Cambodia’s CPP claims election victory in largely unopposed poll

Hun Sen’s ruling Cambodian People’s Party declares landslide victory in controversial election.

Cambodia’s long-time Prime Minister Hun Sen has claimed victory in a controversial election that was overshadowed by the forced absence of a viable opposition candidate.

The country’s chief government spokesman confirmed the results on Sunday evening, saying the ruling Cambodian People’s Party (CPP) had won an estimated 100 out of 125 parliamentary seats.

“The CPP won 80 percent of all the votes and we estimate we will win not less than 100 seats,” Sok Eysan told Reuters news agency.

Results are still being counted, with the official result not expected until mid-August.

Hun Sen, who has led Cambodia for 33 years and said he wants to hold office for at least another 10, campaigned on promises of continued economic development, peace and stability.

But critics have condemned the vote as illegitimate and called for a boycott following the dissolution of the largest opposition political force – the Cambodia National Rescue Party (CNRP) – and a government crackdown against dissent.

The ballot included 19 small, lesser-known parties that observers said do not present a meaningful challenge to Hun Sen’s CPP.


However, officials said the number of parties in the race shows Cambodia has a multi-party democracy.

Uncharacteristically quiet

Sunday’s election was the country’s sixth since 1993 when it emerged from decades of war

The CNRP, which almost won five years ago, was dissolved in November 2017 by court order at the government’s request. This followed the jailing of party leader Kem Sokha on widely criticised treason charges that he denies.

In Phnom Penh, polling stations were uncharacteristically quiet on Sunday. In past elections, long lines and an atmosphere of excitement pervaded.

The national election agency reported voter turnout at about 80 percent. In the 2013 election, 69 percent of eligible voters participated, and in local elections last year, turnout was nearly 90 percent. 

“I vote because it’s our mission. I think it’s very important,” said Sok Vattanak, accompanying his wife at a polling station in the capital. “I vote for a different party year to year to see which one is better.”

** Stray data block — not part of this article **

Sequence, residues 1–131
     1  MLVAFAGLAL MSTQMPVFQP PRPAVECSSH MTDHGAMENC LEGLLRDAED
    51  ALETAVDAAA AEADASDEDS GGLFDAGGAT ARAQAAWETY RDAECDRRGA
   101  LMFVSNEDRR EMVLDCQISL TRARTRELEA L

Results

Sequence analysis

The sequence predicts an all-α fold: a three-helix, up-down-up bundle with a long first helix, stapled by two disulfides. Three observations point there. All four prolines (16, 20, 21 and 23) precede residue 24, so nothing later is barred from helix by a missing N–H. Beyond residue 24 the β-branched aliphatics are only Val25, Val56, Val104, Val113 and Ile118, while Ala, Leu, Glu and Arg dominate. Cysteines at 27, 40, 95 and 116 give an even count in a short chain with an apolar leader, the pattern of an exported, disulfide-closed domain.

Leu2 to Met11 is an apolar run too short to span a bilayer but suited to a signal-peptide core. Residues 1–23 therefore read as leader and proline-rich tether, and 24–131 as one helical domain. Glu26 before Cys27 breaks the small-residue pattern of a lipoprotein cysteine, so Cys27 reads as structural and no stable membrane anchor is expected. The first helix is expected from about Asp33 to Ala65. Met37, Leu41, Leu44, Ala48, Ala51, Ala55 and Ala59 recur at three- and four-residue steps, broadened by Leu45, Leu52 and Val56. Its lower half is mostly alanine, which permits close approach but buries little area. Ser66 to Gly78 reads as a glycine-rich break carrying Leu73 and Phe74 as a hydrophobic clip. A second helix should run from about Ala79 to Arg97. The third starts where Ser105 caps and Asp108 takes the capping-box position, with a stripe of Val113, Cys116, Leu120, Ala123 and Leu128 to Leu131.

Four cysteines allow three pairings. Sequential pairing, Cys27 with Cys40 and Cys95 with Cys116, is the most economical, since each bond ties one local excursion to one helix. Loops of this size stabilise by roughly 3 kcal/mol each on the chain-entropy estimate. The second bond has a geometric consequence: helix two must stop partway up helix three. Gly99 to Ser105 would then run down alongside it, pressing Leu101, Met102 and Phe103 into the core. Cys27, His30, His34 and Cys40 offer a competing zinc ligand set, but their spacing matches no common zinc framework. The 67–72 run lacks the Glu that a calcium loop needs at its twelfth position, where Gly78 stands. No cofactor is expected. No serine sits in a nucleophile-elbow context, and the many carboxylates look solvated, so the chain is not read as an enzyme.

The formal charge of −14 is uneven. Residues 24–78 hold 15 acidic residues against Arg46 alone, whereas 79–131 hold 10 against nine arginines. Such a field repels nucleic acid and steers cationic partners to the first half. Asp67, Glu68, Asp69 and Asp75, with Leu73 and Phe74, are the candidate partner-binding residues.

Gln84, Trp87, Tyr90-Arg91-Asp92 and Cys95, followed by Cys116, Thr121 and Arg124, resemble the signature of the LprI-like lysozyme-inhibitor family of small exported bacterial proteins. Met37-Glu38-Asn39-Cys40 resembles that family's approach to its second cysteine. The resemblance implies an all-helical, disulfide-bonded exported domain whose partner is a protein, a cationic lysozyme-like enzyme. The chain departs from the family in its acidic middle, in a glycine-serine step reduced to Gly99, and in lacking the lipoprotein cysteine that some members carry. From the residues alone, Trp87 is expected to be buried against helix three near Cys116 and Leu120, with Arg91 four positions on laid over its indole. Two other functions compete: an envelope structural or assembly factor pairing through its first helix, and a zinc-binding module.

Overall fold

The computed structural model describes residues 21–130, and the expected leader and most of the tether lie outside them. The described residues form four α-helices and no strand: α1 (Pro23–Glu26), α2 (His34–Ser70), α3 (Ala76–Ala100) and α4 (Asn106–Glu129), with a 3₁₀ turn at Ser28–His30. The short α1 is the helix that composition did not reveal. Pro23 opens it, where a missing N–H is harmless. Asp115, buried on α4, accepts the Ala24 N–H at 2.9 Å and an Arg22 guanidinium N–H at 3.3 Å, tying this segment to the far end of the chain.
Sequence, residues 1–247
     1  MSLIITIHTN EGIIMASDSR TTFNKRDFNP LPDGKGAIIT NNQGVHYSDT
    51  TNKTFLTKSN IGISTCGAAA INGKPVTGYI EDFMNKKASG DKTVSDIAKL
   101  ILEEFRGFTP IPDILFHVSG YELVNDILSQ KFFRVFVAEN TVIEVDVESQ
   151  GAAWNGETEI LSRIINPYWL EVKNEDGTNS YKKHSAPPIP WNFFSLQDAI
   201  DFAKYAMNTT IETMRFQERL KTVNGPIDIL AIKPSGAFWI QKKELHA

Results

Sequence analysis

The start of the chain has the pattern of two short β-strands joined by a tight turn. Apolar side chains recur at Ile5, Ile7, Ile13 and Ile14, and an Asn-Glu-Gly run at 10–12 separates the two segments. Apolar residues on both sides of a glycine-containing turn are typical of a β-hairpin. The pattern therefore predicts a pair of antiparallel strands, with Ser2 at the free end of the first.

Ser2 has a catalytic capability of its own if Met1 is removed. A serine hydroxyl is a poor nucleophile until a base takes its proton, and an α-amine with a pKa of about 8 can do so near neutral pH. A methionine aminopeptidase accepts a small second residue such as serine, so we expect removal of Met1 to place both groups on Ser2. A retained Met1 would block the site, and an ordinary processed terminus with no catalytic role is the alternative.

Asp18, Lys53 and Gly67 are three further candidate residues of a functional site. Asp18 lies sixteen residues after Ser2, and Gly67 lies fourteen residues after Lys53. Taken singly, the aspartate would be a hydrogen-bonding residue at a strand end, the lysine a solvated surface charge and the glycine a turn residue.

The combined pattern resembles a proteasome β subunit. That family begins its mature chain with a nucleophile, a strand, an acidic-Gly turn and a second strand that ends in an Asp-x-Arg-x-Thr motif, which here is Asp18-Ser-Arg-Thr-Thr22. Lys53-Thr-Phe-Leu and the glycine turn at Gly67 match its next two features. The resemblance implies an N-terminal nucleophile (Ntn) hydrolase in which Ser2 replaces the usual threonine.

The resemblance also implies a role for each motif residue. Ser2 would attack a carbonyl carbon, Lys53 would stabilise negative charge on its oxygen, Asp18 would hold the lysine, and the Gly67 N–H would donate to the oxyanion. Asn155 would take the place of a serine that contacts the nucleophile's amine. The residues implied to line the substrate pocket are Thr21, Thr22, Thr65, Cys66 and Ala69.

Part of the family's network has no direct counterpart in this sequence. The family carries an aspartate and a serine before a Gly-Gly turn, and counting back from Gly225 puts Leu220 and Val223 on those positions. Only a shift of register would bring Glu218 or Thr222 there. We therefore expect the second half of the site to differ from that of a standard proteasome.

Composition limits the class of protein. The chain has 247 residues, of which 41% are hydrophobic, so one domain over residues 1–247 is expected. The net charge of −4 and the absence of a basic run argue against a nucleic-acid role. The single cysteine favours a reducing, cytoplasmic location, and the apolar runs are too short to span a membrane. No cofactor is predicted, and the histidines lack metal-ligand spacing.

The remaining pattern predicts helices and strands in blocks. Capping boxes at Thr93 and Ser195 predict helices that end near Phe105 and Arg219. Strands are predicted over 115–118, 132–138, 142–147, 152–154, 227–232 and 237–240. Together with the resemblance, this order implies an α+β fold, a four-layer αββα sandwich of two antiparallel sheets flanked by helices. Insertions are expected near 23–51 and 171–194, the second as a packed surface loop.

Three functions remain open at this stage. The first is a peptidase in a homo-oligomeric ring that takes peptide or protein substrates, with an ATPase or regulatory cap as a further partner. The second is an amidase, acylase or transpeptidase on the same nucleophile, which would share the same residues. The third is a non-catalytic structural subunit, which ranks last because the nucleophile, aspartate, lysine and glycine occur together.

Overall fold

One voter, who asked to remain anonymous fearing reprisals, said there was an atmosphere of fear surrounding the polls. 

“I can’t talk, there’s too many problems … It’s not secure, people get killed. Even journalists have problems. I want to have change, but how can we? I want to have liberty like the US, like other countries,” he said.

Fund for Reconciliation and Development NGO Executive Director John McCauliff, an election observer with experience dating back to 1993, said between 20-35 percent of votes were spoiled at polling stations his group observed. 

“That is a challenge now for the CPP,” he told Al Jazeera. “The second largest party is the spoiled ballot party.”

Prime Minister Hun Sen says he wants to rule for 10 more years [Samrang Pring/Reuters]
Prime Minister Hun Sen says he wants to rule for 10 more years [Samrang Pring/Reuters]

Officials said people advocating against voting could be prosecuted with fines up to $5,000.

Brian Eyler, director of the Southeast Asia programme at the Stimson Center, said the vote “will result in a continuation of Hun Sen’s authoritarian grip over Cambodia, which continues to deepen, so it’s no surprise that the exiled CNRP opposition party is calling this a sham and calling for a boycott”.

Speaking to Al Jazeera from Washington, DC, Eyler added: “Hun Sen’s CPP is saying. ‘if you do not vote, you are against democracy’, instead of promoting multiparty democracy and robust participation of opposition parties.”

Election ‘observers’

A number of countries, including Russia, China and Indonesia, sent hundreds of observers to watch polling but Japan, a long-time supporter of the Cambodian government, refused to do so.


The United States and European Union, meanwhile, withdrew funding for the election.

Professor Hassan Ghafoori Fard, a former vice president of Iran, was part of the delegation of international election observers.

“I think it’s going OK, smoothly, it’s a very free election,” Fard told Al Jazeera. “The reason that they have invited so many people to observe – that means they are confident about what they are doing. Everything is clear and transparent.”

Preliminary results are expected to be announced at 6pm (11:00 GMT). Official results will not be available until mid-August.

Abby Seiff and Alessandro Marazzi Sassoon contributed to this report from Phnom Penh

Source: Al Jazeera, News Agencies